The plant is called “Fortnight Lily,” “African Iris,” “Cape Iris” or simply “Wild Iris” as a common name. But I imagine there are probably a good 20-30 different Iris that go by that name. The genus Dietes is native to southern and eastern Africa (including Ethiopia!), and consists of four to six species – one of which occurs outside of Africa, on an island off the coast of Australia. This particular plant (Dietes iridioides), was formerly placed in the genus Moraea, but was moved to Dietes because it is rhizomatous (it has a rhizome). I had to get help from a staff worker at the conservatory to finally find a label on one of the plants and it read “Dietes vegeta – Fortnight Lily.” The wikipedia article on Dietes tells me that this plant is really Dietes iridioides and I confirmed that information with Tropicos.
There are so many different types (genera) of Iris. For a long time the only type of Iris with which I was familiar was a bearded Iris – a very common flowerbed plant in this part of the country. I’ve always thought they were very nice flowers. But then I discovered Dutch Iris (Iris x hollandica), which my grandmother was growing. With more slender leaves and flowers, and a deep royal blue bloom, this quickly became my favorite Iris. Just a couple of years ago I discovered Apostle Plants, or Walking Iris (Neomarica gracilis). And again my favorite Iris was trumped!
I find that every new Iris I discover quickly becomes a favorite plant of mine. Plants that are in the Iris genus are more familiar, but the “fringe” genera within the Iridaceae family are so much more interesting and beautiful to me. The Iridaceae family consists of more than 2000 unique species from 66 genera, including some not as obviously related to the common bearded Iris, like the Crocus genus. Many of these plants grow in sub-Saharan Africa (south of the Sahara desert) and quite a few in the Americas.
Christie and I live in the house in which my mom grew up. My grandparents were the first owners of the house and my grandmother lived here until she passed away, about 6 and a half years ago.
My grandmother planted a number of lavender, mixed white and purple & solid white Iris in the front flowerbed. They have multiplied over the years and there are quite a few of them now. Christie’s grandmother also really likes Irises and had given us some a couple of years ago that we planted in the same front flowerbed. Whenever my wife and I decided to rework the front flowerbed – removing several bushes and installing the garden waterfall – we chose to relocate most of the Iris. They were too tall for the flowerbed and did not have the right feel.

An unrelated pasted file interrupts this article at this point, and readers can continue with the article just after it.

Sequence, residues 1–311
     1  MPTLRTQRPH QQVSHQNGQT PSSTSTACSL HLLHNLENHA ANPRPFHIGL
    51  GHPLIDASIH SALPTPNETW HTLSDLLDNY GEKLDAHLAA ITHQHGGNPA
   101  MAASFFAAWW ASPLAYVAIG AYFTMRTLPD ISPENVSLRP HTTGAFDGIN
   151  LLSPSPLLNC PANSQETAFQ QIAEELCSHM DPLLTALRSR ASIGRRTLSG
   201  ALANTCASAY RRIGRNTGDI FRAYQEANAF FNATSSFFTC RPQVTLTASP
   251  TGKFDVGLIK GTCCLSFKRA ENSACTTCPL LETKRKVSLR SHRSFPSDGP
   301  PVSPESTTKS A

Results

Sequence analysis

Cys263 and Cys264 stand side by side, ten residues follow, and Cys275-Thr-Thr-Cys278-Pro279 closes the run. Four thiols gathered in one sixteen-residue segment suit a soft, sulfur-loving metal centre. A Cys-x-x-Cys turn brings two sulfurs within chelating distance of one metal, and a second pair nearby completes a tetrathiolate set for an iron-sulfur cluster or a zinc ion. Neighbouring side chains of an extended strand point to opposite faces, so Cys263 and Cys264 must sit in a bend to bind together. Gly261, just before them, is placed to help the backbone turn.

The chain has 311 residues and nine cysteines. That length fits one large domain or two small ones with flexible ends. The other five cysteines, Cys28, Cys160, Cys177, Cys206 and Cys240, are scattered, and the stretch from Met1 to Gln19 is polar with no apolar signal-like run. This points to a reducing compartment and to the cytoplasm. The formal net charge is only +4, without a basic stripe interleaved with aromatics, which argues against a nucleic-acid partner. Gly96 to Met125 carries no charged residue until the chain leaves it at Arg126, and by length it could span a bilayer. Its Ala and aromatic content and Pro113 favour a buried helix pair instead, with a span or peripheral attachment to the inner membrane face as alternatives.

Of course, we couldn’t just throw them away. But at the time, we couldn’t really find a good place for them. We dug them up, tossed them in buckets and they sat in the shade under a tree for over a year. Without soil and sun they were almost dormant. Thankfully almost all of them survived and a couple of them even bloomed in that state.
On one of our road trips last Spring we visited the log cabin home of Sequoyah, who invented the Cherokee syllabary (cousin to the alphabet). The grounds of this National Historic Landmark are very well kempt. My wife was in awe of the rings of Irises around their trees.
Finally, we had found inspiration for all of our beautiful Irises! Christie thought that the Irises would look neat around the base of our Sycamore, but I wasn’t sure if they would bloom very well there since they would be in such dense shade all day long.
In the middle of our backyard is an old lamp post that was once fueled with natural gas. The gas has been disconnected, but we would like to have it wired with electricity some day. We decided that this lamp post would look really nice with Iris planted around it. In addition to being pleasing to the eye, it will help prevent kids blindly running into the lamp post while playing in the backyard (something I’ve done before), if there is a bit of a flower bed around it.
What do you think of our dedicated Iris bed? A couple more Iris pop up in our front flowerbed around the waterfall every year. As soon as they are finished blooming, I will relocate them to this location in the backyard with the others.